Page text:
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Adobe Premiere Pro Quick Start

Lesson 3 of 22

Meet Premiere Pro

Abba Shapiro

Adobe Premiere Pro Quick Start

Abba Shapiro

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Lesson Info

3. Meet Premiere Pro
Dive into the editing in this lesson, while also learning basics like video editing jargon like resolution and framerate. Dig into best practices for video editing workflows and get into that video mindset.

Lesson Info

Meet Premiere Pro

We looked at what we're gonna learn to edit. I'm gonna talk a little bit about some of the jargon you may come across. And I wanna talk about the Digital Video Workflow a little bit, and it's basically very simple. You shoot, you ingest the media, which means you get it off your card, you get it off your hard drive, you put it together in an edit, you edit a lot more, you export, you find the mistakes, then you repeat until you get it right. But really that's it. I really do like the analogy of being with a word processor because you're deciding what the story that you wanna tell, you're writing that story and then you're refining that story, maybe moving paragraphs around or sentences around, and then finally you print and deliver. We did tour of the interface, so you have an understanding of the project, source, program and timeline windows. As I said, I know that CreativeLive has a very large base of photographers who are well versed in the art of still image capture but they get a ...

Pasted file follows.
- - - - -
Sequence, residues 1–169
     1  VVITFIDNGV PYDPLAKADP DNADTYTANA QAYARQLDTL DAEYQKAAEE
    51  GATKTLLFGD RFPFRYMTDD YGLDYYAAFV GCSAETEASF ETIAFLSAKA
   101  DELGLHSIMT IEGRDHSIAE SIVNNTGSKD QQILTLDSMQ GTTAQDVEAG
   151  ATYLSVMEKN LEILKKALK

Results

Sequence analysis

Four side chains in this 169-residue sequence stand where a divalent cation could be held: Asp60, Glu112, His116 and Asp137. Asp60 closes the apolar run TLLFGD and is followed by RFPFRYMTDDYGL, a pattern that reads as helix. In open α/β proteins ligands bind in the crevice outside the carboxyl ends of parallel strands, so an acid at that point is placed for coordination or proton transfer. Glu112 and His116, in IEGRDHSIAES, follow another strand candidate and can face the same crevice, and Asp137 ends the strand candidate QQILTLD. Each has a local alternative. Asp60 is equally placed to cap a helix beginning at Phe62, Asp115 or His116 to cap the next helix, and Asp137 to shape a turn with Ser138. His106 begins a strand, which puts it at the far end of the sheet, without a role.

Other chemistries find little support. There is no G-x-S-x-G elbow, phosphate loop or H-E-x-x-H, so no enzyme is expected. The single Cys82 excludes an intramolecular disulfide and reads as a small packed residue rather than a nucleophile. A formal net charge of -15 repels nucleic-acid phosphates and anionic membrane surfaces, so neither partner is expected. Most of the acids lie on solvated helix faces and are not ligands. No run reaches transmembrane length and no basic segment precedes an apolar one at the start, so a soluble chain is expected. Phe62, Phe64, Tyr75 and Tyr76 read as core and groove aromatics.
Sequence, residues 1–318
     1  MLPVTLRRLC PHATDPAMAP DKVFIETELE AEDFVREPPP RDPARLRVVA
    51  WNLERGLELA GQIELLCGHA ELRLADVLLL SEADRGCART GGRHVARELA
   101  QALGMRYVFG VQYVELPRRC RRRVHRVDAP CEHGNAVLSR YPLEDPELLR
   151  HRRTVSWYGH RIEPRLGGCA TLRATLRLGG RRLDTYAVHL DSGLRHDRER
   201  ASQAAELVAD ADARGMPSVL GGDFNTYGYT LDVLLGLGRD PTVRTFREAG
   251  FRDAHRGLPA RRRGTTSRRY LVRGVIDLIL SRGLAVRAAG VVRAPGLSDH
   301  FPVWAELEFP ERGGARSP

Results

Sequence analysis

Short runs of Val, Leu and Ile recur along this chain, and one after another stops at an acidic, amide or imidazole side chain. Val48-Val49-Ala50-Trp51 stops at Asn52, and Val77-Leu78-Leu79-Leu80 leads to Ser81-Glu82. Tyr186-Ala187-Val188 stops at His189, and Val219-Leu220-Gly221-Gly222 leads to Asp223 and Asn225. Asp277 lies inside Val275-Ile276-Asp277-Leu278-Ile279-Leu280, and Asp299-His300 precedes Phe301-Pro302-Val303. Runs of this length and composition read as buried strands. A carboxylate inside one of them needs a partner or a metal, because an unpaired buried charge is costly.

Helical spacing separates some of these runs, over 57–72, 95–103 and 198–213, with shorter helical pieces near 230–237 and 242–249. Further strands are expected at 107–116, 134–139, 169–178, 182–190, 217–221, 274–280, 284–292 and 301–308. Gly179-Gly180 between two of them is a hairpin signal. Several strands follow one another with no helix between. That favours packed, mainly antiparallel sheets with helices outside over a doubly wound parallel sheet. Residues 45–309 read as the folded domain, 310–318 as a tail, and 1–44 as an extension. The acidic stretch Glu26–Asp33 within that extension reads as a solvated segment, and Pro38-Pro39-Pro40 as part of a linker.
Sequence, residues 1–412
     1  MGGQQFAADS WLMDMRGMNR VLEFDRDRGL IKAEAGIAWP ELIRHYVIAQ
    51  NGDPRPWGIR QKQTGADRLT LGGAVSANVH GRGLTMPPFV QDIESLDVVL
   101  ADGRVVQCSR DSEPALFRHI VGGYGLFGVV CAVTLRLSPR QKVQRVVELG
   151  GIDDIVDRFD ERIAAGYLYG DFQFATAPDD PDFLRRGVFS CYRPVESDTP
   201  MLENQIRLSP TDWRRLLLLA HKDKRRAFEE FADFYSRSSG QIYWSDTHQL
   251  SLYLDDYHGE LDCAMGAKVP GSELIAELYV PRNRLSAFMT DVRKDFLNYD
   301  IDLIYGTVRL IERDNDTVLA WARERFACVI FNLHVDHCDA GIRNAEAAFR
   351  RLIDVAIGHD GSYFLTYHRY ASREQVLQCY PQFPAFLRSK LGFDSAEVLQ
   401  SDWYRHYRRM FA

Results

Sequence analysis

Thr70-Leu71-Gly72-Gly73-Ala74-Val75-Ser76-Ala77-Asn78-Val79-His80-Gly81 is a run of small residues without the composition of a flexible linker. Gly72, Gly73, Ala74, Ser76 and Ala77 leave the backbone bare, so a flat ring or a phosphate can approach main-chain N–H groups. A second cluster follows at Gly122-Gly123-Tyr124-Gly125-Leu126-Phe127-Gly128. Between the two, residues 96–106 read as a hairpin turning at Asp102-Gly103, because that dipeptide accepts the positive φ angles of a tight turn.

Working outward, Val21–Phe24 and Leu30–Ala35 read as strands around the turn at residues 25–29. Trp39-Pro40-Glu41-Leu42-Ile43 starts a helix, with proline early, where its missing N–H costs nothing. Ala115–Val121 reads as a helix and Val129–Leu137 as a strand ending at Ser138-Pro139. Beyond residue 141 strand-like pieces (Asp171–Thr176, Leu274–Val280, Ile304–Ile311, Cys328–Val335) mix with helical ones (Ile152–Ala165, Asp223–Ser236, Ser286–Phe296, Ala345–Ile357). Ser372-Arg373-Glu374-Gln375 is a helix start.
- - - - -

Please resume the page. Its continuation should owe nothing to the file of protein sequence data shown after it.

little bit more challenged, confused, stressed, as soon as somebody says "Flick the switch and shoot some video." So I do wanna talk about some of the different video formats and some other things like frame rates that you will be hearing, so you have a better understanding of some of the battles that you're fighting. So first of all, if you're used to working in still imagery, your camera probably is anywhere between a 12, and these days, a 15 megapixel image, most running at around, our phones are at 12, but you know, 20, 24. But you're dealing, for television it's interesting. We're in high def television, and you would think, it would be comparable. Well, a television image, a standard, standard high def, it's kind of like an oxymoron there, 'cause we had standard television, a standard high def is 920 pixels by 1080 pixels. Doing the math, that means high def television is like a two megapixel camera. 1/6 the resolution of your phone. So you start thinking in a different space. Now ultra high def which is now out, isn't that much bigger, it's just double each of those. It's 3840 by, and this is where I get to do math, 2160, I think I did that right, but if I didn't, go ahead and call in and correct me. So, still, 4K, it's not super high resolution. So you're working with a different flavor and when you are bringing your photographs in, and you bring in these huge images, it's not always necessary. And we're gonna import some still photos later on and show you how you can work with these huge images within Premiere or perhaps, you may wanna scale them down and resize them before you bring them in. So that's one thing is just understanding really the frame of a television image and the takeaway is, 1920 by 1080 is your standard high definition television, and that's most of what we're gonna be using to cut our timelines. Now you can mix and match multiple resolutions, multiple frame sizes in Premiere, and it works with them very nicely, it'll scale things up or scale things down, so you don't have to worry about that. The nice thing is, these non linear editing programs, that's what these are called and at least that's a jargon that you'll hear, they are pretty standard and they will, they're smart enough that we don't have to be mathematicians and engineers anymore. That's really what I wanted to say. So that's one thing. Frame rate is another thing that's very confusing. With still images, it's your entire experience is that one frame and what's happening in that frame. Well, television or video is temporal. Things are changing over time. And you'll hear frame rates, you'll hear frame rates such as 24 frames a second, 30 frames a second, that would be the traditional US. 25 frames a second, that's most of the rest of the world. Then there's also faster frame rates, it's 60 frames a second, sometimes you'll hear 120. So that's how many images are happening within one second. And what's confusing is, people start shooting, and giving you footage, and you were using different cameras, and one camera might be shooting 24 frames a second, the other camera might be shooting 30 frames a second, the other one might be shooting 60 frames, well the nice thing is, unless you're doing anything special such as slowing things down, because you overcranked, or overframed the camera, Premiere will automatically convert everything to the time base or the frame rate of your sequence. In an ideal world, if you have full control, you should try to shoot everything at the same frame rate and edit at the same frame rate, but that's one of the things that you'll encounter and the nice thing is you don't necessarily have to worry about it. I will throw in a nice rule of thumb. It is much easier if you're gonna be mixing 24 frames a second and 30 frames a second to do your timeline and most of your footage at 'cause it's easier to go from 24 to 30, because basically you're adding partial frames, then go from 30 to 24 because now you have to actually remove frames and elements. So that's the second thing. You're dealing with a different sized frame, you're dealing with now temporal things happening over time, 24, 25 or 30 frames a second. And the next thing that's really starts throwing people off is these things called codecs and how it's compressed and as soon as somebody starts talking about this, your head just kinda goes, and it's this like I don't understand because you'll hear things like QuickTime or AVI files or AVCHD files, Advanced Video Codec High Definition, RED files, there's a whole bunch of different flavors and then you'll start hearing things like H.264 as a codec, ProRes as a codec, MPEG4 as a codec, so here it is in a nutshell. Every camera manufacturer likes to tweak things. And there are different codecs and wrappers depending on if it's broadcast, non-broadcast, they need to save space, so there are two things that you're dealing with. You're dealing with what's called the wrapper, and that might be something called QuickTime, it might be MPEG4, .MOVs, .M4Vs, .MP4s, you'll see .RD3 for red footage, those are all the wrappers. Think of those as the containers. Now inside those containers, you can use different math to save space, to compress the image. And that's where you start hearing things like ProRes, which was an Apple, or is an Apple codec. That's a very large file, and it's a very clean file. But as I said, it's a very large file. So if you wanna save space, you may use a codec, stands for compression decompression, which is just simply fancy math to throw away the material in that file that I would not normally see and for the photographers out there, thing of it as JPEG, where you're throwing away extra information but you're also gaining a little bit of noise and artifacts, so some of those codecs, as I said ProRes, H.264, H.265, those are the newest one coming out, these are usually things you would see on YouTube and Vimeo and streaming services. If you're streaming Netflix or HBO, they're compressing it to H.264 because you can put out more media with smaller bandwidth. So these are some things that you will come across, so just realize that you have wrappers, you have different compression codecs, and because Premiere has gotten so smart, you again generally do not have to worry about all of that, you can mix and match stuff in the timeline. Now, as a rule of thumb, if you don't have to mix and match, you shouldn't. Just because you can do it, doesn't mean you should do it, because it is making the computer work harder. So I just wanted to cover some of those elements that we're dealing with with broadcast.